Maryland's High Court Upholds DREAM Act Referendum

Article publisher: 
FAIR - Federation for american Immigration Reform
Article date: 
Tuesday, June 19, 2012
Article category: 
National Issues
Article Body: 

In a brief order handed down Wednesday, the Maryland Court of Appeals upheld a November referendum that could overturn the Maryland DREAM Act. (See Maryland Court of Appeals Order No. 131, June 13, 2012; see also Washington Post, June 13, 2012)

The DREAM Act — which allows illegal aliens who attended three years of high school in Maryland to receive in-state tuition at Maryland colleges and universities — was signed into law by Gov. Martin O'Malley last year. (SB 167)

Although Maryland residents subsequently obtained enough signatures for a referendum on this November's ballot to reverse the law, the open borders lobby, spearheaded by CASA de Maryland, quickly tied the referendum up in legal proceedings. (FAIR Legislative Update, June 6, 2011)

Specifically, the open borders lobby attempted to stop the referendum from appearing on the ballot by arguing that the referendum process could not be applied to the DREAM Act because the legislation is a spending bill. Arguing in the Court of Appeals just one day before it issued its order, Joseph E. Sandler, a lawyer for CASA de Maryland, argued the DREAM Act is a spending bill because it would lead to the governor directing more funds in future budgets toward education to accommodate illegal aliens seeking in-state tuition under the Act. Therefore, Casa argued, the DREAM Act is exempt from referendum under the Maryland Constitution. (See Maryland Court of Appeals Oral Argument No. 131, June 12, 2012; see also Maryland Constitution at Art. XVI § 2)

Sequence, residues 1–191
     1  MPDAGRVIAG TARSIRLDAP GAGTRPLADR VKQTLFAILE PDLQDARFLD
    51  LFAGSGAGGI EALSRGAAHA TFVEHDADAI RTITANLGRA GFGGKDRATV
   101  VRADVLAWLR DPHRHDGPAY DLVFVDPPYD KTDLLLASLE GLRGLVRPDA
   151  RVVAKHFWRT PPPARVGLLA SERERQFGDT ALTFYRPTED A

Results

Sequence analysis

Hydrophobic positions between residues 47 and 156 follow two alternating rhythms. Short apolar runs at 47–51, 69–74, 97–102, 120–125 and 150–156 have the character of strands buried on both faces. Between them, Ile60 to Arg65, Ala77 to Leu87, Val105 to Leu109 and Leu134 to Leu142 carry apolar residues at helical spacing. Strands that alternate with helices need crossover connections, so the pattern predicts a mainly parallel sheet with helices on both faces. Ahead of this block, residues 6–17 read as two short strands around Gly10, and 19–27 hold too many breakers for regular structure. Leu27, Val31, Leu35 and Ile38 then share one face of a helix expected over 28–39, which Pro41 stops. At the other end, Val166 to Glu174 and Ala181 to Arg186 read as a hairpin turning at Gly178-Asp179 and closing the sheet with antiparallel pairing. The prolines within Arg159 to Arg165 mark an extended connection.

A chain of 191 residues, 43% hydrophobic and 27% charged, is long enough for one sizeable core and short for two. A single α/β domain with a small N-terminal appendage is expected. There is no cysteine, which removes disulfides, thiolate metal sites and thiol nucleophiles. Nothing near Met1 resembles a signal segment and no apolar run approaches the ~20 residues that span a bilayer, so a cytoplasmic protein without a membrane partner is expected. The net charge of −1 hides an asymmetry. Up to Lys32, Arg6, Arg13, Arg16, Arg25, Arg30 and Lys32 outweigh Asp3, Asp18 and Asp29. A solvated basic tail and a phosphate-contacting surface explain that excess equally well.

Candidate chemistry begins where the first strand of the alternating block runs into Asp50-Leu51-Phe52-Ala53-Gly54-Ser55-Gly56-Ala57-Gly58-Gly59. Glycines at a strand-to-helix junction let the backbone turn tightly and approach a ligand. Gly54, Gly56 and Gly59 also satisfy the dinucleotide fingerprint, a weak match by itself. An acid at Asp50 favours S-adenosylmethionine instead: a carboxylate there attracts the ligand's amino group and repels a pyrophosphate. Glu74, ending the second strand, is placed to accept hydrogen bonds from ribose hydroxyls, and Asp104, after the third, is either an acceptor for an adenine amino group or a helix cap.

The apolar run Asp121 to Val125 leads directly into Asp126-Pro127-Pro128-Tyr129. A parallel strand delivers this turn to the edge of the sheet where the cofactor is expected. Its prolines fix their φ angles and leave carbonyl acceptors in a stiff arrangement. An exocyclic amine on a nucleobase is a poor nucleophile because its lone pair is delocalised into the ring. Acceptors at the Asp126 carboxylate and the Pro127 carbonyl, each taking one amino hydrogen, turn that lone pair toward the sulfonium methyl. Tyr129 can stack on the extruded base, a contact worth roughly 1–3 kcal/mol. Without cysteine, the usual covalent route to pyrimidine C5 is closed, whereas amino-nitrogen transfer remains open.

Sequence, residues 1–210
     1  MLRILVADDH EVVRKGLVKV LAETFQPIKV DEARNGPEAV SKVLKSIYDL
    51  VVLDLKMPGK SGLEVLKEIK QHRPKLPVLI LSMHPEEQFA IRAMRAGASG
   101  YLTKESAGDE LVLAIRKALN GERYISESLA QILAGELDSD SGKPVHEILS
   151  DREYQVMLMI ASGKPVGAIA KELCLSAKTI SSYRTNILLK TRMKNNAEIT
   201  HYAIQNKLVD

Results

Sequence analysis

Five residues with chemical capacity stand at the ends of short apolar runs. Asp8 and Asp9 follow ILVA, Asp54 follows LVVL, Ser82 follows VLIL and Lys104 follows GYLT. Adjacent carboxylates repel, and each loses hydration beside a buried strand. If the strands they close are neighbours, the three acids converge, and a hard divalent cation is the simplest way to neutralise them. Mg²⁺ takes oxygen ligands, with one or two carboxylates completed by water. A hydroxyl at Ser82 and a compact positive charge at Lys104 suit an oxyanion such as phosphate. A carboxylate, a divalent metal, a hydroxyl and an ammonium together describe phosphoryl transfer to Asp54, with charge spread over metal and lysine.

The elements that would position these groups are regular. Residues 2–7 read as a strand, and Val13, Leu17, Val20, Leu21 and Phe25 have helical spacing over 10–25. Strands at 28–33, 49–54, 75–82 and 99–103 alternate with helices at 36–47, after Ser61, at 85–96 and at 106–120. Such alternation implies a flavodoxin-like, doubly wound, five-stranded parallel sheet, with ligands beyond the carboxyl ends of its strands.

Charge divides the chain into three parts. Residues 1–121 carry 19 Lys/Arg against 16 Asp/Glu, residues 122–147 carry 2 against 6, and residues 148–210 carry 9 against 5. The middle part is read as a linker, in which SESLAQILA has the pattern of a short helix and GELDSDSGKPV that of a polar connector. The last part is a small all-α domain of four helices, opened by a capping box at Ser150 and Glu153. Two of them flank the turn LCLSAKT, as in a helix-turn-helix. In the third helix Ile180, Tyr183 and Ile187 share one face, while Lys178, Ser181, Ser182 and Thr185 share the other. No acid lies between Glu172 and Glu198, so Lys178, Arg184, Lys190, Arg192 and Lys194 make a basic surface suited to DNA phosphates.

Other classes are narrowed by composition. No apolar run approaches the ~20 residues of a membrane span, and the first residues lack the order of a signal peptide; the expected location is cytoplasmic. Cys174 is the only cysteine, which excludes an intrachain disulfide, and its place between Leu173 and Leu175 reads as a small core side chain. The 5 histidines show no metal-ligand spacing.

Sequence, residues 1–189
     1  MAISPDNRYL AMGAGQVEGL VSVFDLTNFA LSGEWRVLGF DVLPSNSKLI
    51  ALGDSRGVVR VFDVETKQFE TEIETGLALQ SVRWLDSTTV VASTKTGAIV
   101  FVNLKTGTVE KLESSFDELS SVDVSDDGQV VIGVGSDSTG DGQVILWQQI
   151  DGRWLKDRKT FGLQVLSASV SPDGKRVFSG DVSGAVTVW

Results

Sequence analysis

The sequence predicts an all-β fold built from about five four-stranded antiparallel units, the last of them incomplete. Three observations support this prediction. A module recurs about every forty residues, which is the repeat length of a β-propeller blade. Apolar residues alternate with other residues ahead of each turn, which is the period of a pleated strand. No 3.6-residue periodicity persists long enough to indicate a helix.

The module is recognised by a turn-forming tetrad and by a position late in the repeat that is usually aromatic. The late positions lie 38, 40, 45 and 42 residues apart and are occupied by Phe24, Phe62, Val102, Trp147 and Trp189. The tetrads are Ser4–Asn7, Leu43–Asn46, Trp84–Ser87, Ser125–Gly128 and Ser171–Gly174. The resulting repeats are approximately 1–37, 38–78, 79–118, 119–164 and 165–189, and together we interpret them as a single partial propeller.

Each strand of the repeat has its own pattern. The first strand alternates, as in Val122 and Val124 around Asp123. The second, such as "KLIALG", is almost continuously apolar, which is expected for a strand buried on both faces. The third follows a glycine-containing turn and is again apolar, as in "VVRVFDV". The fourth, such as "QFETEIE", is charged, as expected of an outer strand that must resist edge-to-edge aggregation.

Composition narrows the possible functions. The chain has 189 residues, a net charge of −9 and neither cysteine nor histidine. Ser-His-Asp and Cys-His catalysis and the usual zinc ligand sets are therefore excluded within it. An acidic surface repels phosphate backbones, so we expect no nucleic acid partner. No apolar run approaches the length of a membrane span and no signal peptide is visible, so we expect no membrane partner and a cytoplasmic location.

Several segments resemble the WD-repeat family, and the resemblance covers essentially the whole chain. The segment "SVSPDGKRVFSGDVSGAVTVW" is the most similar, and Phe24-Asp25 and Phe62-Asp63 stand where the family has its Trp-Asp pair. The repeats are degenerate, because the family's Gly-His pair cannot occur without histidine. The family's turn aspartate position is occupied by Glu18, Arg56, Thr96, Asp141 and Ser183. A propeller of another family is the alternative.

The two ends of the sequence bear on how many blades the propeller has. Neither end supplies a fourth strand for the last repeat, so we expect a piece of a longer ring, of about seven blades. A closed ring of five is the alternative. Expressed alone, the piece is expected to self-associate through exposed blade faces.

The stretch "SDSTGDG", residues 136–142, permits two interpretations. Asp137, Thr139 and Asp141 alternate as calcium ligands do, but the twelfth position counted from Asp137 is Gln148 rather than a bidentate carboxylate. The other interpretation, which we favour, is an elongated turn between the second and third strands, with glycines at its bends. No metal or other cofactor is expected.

Defending the referendum, Matthew J. Fader, an assistant attorney general for the State of Maryland, countered that the Act does not direct the governor to set aside funds in his budget. (Id.) Rather, Fader argued, the legislation merely provides who is entitled to in-state tuition at state colleges and universities. While that could lead to the governor's eventual allocation of additional funds, he conceded, Fader maintained that the bill does not affirmatively require the governor to appropriate money. (Id.)

Without providing any reasons for its decision upholding the referendum, the Court stated it would issue a future opinion outlining its rationale. Maryland voters will now vote on whether to maintain or strike the DREAM Act from state law in November. (See Maryland Court of Appeals Order No. 131, June 13, 2012) Stay tuned to FAIR for details once the opinion is handed down...